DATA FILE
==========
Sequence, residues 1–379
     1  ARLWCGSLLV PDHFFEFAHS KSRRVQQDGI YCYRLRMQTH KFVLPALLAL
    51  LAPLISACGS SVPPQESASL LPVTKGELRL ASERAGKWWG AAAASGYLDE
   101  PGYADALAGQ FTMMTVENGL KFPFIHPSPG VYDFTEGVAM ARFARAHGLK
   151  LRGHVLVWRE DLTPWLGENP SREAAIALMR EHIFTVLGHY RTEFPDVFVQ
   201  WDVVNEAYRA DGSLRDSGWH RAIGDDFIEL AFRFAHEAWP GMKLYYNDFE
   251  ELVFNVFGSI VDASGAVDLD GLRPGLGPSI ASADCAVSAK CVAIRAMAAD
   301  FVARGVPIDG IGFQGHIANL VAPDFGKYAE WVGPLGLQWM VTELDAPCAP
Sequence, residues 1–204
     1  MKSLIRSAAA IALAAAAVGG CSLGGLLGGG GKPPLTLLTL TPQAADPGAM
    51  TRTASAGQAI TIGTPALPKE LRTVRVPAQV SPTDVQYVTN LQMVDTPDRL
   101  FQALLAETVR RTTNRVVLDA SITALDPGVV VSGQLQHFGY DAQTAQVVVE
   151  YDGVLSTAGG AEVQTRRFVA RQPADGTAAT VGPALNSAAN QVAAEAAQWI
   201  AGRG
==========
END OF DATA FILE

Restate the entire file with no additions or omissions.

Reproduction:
Sequence, residues 1–379
     1  ARLWCGSLLV PDHFFEFAHS KSRRVQQDGI YCYRLRMQTH KFVLPALLAL
    51  LAPLISACGS SVPPQESASL LPVTKGELRL ASERAGKWWG AAAASGYLDE
   101  PGYADALAGQ FTMMTVENGL KFPFIHPSPG VYDFTEGVAM ARFARAHGLK
   151  LRGHVLVWRE DLTPWLGENP SREAAIALMR EHIFTVLGHY RTEFPDVFVQ
   201  WDVVNEAYRA DGSLRDSGWH RAIGDDFIEL AFRFAHEAWP GMKLYYNDFE
   251  ELVFNVFGSI VDASGAVDLD GLRPGLGPSI ASADCAVSAK CVAIRAMAAD
   301  FVARGVPIDG IGFQGHIANL VAPDFGKYAE WVGPLGLQWM VTELDAPCAP
Sequence, residues 1–204
     1  MKSLIRSAAA IALAAAAVGG CSLGGLLGGG GKPPLTLLTL TPQAADPGAM
    51  TRTASAGQAI TIGTPALPKE LRTVRVPAQV SPTDVQYVTN LQMVDTPDRL
   101  FQALLAETVR RTTNRVVLDA SITALDPGVV VSGQLQHFGY DAQTAQVVVE
   151  YDGVLSTAGG AEVQTRRFVA RQPADGTAAT VGPALNSAAN QVAAEAAQWI
   201  AGRG